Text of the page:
On Saturday we will have the first full moon of the year–called Wolf Moon by many Native American tribes. In the cold of January packs of hungry wolves could be heard howling at night–and so the first month of the year and its moon were dedicated to the Wolf.
Thinking about Wolf Moon, I was saddened to learn of a recent proposal by the Ontario government to encourage hunting down wolves and coyotes in the name of saving a dwindling moose population. Although the motive is laudable, the proposed method is unscientific.
I learned some interesting facts about wolves and coyotes from Wolves Ontario, an organization dedicated to protecting wolves:
- Wolves do hunt moose, but they are not easy prey. A healthy moose can end a wolf’s life with a swift kick. For this reason, packs tend to focus on weakened prey: those who are old, ill, or injured. Moose populations may be threatened, but predators are not necessarily the primary problem.
- When adults of a wolf pack are killed, the pack loses their teachers. The role of adult wolves is to teach younger ones how to track and kill larger creatures. Without guidance, packs are more prone to go after easy prey such as livestock.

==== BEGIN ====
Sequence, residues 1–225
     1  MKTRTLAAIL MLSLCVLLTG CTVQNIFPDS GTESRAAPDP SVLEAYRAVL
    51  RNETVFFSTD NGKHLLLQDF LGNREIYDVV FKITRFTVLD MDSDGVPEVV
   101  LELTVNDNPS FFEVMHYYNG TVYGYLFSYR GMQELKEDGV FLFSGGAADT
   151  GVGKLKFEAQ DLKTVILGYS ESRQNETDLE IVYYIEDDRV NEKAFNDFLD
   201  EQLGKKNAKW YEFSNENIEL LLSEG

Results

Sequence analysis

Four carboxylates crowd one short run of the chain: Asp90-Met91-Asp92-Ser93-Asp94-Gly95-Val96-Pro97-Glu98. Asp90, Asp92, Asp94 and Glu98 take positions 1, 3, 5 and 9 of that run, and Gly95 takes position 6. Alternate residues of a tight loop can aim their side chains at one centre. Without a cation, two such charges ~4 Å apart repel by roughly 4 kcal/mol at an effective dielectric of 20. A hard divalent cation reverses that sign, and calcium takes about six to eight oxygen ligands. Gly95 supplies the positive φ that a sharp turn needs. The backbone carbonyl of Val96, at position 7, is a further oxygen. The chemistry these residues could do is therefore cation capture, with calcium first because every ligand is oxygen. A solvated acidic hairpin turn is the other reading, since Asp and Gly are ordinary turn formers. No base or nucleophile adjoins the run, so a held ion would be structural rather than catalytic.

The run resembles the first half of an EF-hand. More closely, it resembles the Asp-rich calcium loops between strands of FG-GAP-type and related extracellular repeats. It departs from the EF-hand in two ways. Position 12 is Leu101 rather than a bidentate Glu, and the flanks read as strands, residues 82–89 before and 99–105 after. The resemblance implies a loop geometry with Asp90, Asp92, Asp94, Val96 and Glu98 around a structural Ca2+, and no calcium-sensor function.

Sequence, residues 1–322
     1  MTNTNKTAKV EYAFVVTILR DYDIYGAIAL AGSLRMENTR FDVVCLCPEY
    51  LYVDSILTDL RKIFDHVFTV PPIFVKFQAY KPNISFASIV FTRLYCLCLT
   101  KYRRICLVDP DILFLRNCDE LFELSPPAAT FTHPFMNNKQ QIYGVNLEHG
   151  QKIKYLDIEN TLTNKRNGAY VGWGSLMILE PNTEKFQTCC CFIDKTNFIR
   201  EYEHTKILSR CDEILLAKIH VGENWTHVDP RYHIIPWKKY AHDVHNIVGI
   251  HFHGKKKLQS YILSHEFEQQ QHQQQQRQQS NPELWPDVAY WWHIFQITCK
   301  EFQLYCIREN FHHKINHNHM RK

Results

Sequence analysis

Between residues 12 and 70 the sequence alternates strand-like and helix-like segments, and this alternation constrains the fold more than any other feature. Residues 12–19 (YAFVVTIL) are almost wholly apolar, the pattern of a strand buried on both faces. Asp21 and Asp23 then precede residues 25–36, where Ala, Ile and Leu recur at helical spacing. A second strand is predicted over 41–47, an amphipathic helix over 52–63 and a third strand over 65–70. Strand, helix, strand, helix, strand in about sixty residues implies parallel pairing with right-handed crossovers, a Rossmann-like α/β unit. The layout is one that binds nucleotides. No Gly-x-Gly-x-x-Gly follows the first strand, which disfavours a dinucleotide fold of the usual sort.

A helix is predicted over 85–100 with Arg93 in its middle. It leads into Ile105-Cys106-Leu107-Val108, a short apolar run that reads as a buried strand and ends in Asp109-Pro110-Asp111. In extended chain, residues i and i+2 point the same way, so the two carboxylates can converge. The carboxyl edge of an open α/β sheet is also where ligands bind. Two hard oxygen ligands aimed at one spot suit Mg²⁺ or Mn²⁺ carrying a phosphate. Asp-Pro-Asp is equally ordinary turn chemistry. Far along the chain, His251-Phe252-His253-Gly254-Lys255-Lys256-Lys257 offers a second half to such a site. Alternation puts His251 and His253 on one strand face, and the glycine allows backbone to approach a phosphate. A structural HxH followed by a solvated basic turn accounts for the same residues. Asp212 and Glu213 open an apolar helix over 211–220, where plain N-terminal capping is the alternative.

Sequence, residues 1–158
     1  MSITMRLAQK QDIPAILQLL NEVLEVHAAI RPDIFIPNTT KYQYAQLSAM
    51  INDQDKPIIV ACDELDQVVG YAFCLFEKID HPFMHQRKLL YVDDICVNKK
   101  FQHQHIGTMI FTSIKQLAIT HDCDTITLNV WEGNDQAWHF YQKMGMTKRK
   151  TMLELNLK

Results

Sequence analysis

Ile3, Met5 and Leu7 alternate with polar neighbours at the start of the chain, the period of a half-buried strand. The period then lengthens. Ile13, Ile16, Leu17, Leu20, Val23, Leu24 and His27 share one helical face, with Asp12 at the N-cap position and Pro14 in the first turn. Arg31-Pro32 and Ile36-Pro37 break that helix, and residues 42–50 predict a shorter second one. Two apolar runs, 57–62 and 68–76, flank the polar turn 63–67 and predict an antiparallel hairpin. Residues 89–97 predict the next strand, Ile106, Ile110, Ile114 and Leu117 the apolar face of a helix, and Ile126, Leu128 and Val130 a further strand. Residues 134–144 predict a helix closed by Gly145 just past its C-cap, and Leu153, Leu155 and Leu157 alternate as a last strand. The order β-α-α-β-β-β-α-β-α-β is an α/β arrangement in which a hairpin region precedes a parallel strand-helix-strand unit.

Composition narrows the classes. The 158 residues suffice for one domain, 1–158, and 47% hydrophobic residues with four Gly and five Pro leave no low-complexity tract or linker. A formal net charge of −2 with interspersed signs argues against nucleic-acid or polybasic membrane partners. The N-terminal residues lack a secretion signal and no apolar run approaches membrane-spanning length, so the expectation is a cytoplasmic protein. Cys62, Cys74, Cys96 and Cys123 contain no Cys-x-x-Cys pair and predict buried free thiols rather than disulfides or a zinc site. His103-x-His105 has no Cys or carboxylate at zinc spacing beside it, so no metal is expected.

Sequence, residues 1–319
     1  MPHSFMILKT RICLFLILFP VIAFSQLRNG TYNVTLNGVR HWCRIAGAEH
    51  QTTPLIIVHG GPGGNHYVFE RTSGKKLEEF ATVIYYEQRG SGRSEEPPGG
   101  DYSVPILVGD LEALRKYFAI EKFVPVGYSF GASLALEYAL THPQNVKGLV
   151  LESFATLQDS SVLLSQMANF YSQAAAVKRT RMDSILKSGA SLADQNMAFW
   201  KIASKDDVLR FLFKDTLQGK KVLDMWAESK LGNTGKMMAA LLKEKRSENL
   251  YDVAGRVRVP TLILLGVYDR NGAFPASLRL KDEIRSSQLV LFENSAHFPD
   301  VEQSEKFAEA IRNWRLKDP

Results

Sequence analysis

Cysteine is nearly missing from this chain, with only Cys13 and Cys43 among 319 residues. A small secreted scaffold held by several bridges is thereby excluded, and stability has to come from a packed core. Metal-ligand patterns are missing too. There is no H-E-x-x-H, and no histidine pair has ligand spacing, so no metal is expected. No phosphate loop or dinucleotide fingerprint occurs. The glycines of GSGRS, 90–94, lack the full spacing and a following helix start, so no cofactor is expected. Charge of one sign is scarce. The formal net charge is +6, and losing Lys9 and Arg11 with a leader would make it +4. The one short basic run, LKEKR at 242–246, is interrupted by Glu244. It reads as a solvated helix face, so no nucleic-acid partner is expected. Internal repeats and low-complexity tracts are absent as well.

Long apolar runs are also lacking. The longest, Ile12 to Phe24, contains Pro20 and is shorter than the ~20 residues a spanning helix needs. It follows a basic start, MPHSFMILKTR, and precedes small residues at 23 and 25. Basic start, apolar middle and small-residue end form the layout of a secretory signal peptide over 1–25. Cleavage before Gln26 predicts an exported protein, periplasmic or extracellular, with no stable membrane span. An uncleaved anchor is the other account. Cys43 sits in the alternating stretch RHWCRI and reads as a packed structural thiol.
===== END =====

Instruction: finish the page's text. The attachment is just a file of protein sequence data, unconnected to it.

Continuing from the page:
- In Ontario we have Grey Wolves (canis lupus), threatened Eastern Wolves (canis lycaon), and Eastern coyotes (also known as coywolves, brush wolves, or tweed wolves). Eastern coyotes are the result of Western coyotes travelling east and interbreeding with eastern wolves–larger than pure coyotes, they are often mistaken for wolves. Small game hunters permitted to kill an unlimted number of coyote could kill wolf/coyote crossbreads and wolves without knowing the difference.
Proposed unrestricted shooting of coyote and increased wolf kill permits should be dicarded and replaced with a more thoughtful approach to protecting Ontario’s wildlife.
Rachel Plotkin sums it up in a David Suzuki Foundation blog post:
Predators and prey, like coyotes, wolves, moose and deer, have been part of an intricate food web for thousands of years. If something is out of whack with a prey population, it can likely be traced to humans and not to a sudden decision by coyotes and wolves to supersize their meals.
When humans enter the web of life as predators of predators, we unfailingly disturb the balance.